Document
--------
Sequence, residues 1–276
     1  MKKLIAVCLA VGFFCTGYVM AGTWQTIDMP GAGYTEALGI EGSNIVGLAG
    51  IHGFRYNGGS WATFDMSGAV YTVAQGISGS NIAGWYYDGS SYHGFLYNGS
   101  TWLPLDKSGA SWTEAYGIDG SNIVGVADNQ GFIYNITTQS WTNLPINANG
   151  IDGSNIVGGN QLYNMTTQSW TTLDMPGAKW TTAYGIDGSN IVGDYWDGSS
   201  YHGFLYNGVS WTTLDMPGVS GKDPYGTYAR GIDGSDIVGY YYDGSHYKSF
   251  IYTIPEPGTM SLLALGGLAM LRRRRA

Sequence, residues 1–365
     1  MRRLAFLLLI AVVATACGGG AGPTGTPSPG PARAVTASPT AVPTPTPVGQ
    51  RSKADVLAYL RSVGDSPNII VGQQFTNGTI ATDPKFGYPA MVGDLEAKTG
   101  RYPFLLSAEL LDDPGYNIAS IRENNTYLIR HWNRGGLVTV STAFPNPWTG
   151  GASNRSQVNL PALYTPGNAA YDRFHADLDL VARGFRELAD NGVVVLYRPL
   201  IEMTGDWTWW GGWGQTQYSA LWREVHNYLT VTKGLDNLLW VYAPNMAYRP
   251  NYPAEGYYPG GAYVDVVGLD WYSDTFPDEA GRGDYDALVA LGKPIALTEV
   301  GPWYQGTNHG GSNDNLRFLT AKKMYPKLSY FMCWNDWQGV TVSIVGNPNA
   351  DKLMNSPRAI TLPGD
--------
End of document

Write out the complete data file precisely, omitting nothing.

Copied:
Sequence, residues 1–276
     1  MKKLIAVCLA VGFFCTGYVM AGTWQTIDMP GAGYTEALGI EGSNIVGLAG
    51  IHGFRYNGGS WATFDMSGAV YTVAQGISGS NIAGWYYDGS SYHGFLYNGS
   101  TWLPLDKSGA SWTEAYGIDG SNIVGVADNQ GFIYNITTQS WTNLPINANG
   151  IDGSNIVGGN QLYNMTTQSW TTLDMPGAKW TTAYGIDGSN IVGDYWDGSS
   201  YHGFLYNGVS WTTLDMPGVS GKDPYGTYAR GIDGSDIVGY YYDGSHYKSF
   251  IYTIPEPGTM SLLALGGLAM LRRRRA

Sequence, residues 1–365
     1  MRRLAFLLLI AVVATACGGG AGPTGTPSPG PARAVTASPT AVPTPTPVGQ
    51  RSKADVLAYL RSVGDSPNII VGQQFTNGTI ATDPKFGYPA MVGDLEAKTG
   101  RYPFLLSAEL LDDPGYNIAS IRENNTYLIR HWNRGGLVTV STAFPNPWTG
   151  GASNRSQVNL PALYTPGNAA YDRFHADLDL VARGFRELAD NGVVVLYRPL
   201  IEMTGDWTWW GGWGQTQYSA LWREVHNYLT VTKGLDNLLW VYAPNMAYRP
   251  NYPAEGYYPG GAYVDVVGLD WYSDTFPDEA GRGDYDALVA LGKPIALTEV
   301  GPWYQGTNHG GSNDNLRFLT AKKMYPKLSY FMCWNDWQGV TVSIVGNPNA
   351  DKLMNSPRAI TLPGD